Obama’s Border Insecurity Budget
President Obama’s budget proposal for fiscal year 2011, which he unveiled recently, matches funding requests to a policy agenda that’s played out his first year. In particular, the Obama budget sells America short on border security — though there are a couple of notable exceptions.
In general, the Department of Homeland Security would receive $43.6 billion. That’s a 3 percent bump from this year’s discretionary funding level.
First, the good news. The administration proposes to increase the budgets of immigration status verification and criminal alien deportation.
The U.S. Citizenship and Immigration Services bureau gets an extra $103 million to support and expand its twin verification programs.
The E-Verify program offers employers nationwide a robust, reliable, free system for electronically verifying that new hires are eligible to work in the United States. This vital program plays a pivotal role in shutting off the “jobs magnet” that draws many illegal aliens.
In addition to rapidly growing enrollment of voluntarily participating employers, E-Verify is now required in at least 13 states. Certain employers, in particular government contractors, must use E-Verify to ensure they do not have illegal aliens on their workforce.
Similarly, the Systematic Alien Verification for Entitlements, or SAVE, system offers the same instant electronic verification to federal, state and local agencies that administer public assistance programs. SAVE is used in more than 70 public benefits programs. It ensures that only qualified aliens and U.S. citizens are enrolled in welfare and other public programs.
During the health care debate, electronic verification became an issue. At first, the House bill contained zero verification. The version that passed the House had a vague, weak verification provision. Reps. Nathan Deal, (R-Ga.) and Dean Heller (R-Nev.) led the effort to add meaningful verification, specifically usage of the existing and reliable SAVE program. But Speaker Pelosi prevailed.
The Senate health reform bill contained a better, though loophole-ridden verification measure. But instead of referencing the SAVE system, the Senate-passed bill set up a parallel, inferior verification program.
In addition to verification, the Obama budget proposal provides Immigration and Customs Enforcement with $1.6 billion for the identification and removal of criminal aliens. The monies would go principally to the Secure Communities program. It’s a jails program and focuses on aliens already behind bars.
Now for the bad news. The president’s budget otherwise backs off border security. If you think the federal government ought to control our borders and ensure that illegal immigration seldom occurs, then you’ll be disappointed with the Obama budget.
The ranking Republican on the House Judiciary Committee, Rep. Lamar Smith of Texas, critiqued the budget submission this way: “The administration . . . didn’t find funds for any of the following critical homeland security programs: there is no funding for a single new detention bed, no increase in funds to find and deport immigration fugitives or criminal aliens, no additional special agents to investigate workplace immigration violations, no funding to expand the visa security program, and no funding to build any more of the border fence.”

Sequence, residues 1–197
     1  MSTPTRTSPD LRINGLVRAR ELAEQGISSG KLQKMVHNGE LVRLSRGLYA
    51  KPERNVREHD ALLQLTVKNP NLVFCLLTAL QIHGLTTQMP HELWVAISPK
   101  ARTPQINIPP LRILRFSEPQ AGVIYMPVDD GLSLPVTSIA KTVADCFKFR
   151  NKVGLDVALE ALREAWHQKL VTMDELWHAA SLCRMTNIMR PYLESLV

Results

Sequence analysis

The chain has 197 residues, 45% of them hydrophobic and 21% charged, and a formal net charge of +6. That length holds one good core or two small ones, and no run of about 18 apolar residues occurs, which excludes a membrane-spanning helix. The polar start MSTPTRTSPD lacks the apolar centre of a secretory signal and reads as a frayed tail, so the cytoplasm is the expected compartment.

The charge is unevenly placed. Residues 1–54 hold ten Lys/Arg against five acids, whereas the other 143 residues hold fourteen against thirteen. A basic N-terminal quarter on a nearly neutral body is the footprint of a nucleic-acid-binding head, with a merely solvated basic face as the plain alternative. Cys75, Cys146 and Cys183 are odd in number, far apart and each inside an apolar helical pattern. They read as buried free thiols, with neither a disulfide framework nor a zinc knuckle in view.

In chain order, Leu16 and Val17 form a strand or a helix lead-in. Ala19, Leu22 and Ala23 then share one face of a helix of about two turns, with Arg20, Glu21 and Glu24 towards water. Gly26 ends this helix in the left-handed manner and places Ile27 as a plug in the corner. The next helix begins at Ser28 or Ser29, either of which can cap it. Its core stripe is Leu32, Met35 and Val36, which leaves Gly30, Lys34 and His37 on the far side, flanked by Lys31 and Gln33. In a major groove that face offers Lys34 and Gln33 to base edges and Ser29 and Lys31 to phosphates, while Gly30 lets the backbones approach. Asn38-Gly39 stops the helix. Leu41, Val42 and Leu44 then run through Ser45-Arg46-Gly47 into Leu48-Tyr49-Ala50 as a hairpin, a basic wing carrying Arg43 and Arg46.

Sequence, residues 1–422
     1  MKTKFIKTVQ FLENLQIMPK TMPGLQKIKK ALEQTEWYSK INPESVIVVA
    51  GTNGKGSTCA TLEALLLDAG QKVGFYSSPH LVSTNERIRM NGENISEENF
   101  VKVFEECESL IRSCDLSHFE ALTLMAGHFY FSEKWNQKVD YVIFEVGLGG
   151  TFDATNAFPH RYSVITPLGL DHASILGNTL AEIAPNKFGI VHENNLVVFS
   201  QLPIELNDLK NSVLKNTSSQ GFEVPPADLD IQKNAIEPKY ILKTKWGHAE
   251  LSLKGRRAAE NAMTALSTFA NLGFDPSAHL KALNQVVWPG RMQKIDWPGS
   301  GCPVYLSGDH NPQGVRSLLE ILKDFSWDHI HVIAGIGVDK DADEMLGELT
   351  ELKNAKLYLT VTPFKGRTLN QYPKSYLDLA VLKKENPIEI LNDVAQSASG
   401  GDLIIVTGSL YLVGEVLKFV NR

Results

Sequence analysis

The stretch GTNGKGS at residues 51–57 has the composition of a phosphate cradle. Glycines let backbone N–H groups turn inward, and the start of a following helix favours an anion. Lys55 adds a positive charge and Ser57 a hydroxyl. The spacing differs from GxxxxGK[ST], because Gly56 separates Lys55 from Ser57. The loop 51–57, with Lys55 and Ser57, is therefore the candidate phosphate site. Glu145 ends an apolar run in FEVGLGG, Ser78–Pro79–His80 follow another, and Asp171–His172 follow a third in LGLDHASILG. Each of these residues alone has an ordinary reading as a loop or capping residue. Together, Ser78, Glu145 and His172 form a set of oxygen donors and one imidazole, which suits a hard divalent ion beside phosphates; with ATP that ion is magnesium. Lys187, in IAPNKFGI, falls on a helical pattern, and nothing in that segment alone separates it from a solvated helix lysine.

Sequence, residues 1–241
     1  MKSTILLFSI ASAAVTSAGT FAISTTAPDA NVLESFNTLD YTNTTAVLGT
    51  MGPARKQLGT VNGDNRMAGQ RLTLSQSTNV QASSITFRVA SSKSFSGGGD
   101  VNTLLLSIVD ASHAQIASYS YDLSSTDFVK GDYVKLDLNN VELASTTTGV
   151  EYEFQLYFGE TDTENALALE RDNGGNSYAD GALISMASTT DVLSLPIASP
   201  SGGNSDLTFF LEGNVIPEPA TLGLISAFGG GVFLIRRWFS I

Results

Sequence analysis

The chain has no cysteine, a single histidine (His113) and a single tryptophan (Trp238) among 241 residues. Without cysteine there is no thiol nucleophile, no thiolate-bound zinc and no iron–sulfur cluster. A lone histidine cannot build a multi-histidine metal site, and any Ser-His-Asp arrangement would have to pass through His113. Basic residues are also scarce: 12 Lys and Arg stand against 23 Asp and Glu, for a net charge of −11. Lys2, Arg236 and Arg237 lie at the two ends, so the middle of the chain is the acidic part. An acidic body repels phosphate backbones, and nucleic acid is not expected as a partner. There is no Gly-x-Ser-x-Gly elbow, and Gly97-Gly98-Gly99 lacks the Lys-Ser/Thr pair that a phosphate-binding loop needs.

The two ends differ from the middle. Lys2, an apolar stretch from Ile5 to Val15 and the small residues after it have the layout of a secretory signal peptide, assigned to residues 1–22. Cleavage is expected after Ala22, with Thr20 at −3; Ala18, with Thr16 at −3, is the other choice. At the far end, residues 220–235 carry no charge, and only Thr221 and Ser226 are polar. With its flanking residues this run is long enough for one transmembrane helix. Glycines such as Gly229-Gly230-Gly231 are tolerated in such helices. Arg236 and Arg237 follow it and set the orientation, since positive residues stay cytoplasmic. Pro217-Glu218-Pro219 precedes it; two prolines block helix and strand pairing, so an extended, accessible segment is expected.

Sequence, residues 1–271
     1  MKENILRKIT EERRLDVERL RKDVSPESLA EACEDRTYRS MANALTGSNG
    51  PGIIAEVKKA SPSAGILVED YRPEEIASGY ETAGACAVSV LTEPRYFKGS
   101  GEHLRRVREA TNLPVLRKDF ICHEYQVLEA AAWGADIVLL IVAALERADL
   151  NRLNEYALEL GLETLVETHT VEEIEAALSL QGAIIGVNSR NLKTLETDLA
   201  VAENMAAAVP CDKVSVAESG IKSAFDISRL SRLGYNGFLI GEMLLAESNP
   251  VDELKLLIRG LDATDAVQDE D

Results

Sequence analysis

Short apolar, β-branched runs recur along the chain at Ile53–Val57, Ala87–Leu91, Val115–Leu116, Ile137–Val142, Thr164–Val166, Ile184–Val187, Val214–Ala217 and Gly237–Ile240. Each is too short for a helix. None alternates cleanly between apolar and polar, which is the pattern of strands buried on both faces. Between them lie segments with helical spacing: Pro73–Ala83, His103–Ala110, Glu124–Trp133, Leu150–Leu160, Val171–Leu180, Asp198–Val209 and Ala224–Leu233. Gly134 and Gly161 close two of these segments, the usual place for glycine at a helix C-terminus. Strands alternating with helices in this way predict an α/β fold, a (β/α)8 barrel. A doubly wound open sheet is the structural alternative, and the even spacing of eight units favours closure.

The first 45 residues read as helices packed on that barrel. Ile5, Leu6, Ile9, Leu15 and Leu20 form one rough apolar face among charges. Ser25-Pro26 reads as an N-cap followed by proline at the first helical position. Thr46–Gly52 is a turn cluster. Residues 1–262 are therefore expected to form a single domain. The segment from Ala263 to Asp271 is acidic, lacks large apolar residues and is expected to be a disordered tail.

Obama’s budget would actually reduce the size of the Border Patrol. The budget calls for cutting 180 officers of this agency. That’s the absolute wrong direction when the Southwest border continues to be breached hundreds of thousands of times every year. And many of the people illegally crossing the border, including people who’ve paid a professional human smuggler, are packing guns, drugs and other things you don’t want entering uncontrolled.
The administration apparently thinks the mere 643 miles of concrete and steel barrier wall along the 2,000-mile border is plenty. So, there’s no money requested for border fence construction.
Also, the so-called “virtual fence” budget is whacked substantially. This line item loses $225 million, dropping to $575 million next year.
Admittedly, the “virtual fence” has taken a lot of heat. The contractor has run into implementation problems. And many Americans doubt that the high-tech cameras and motion sensors, which do nothing other than alert border guards that someone is crossing into this country, can compete with real-live, heavy-duty fencing. But having something, even a “virtual fence,” is better than having nothing.
Further, the budget would cut State Criminal Alien Assistance funding. SCAAP would lose $70 million, dropping to $330 million. SCAAP reimburses state and local jails part of the costs of incarcerating criminal aliens.
There appears to be no funding request for the popular 287(g) program. 287(g) uses state and local police as a force multiplier in catching and holding accountable illegal and criminal aliens.
In short, the Obama budget falls woefully short on immigration control and enforcement. If adopted, this budget would set the nation back on border security. It amounts to a return to “catch and release” of the vast majority of illegal aliens, lax toleration of those who already employ an illegal alien workforce and their illegitimate workers, and failure to advance the long-overdue exit portion of U.S.-VISIT at ports of entry.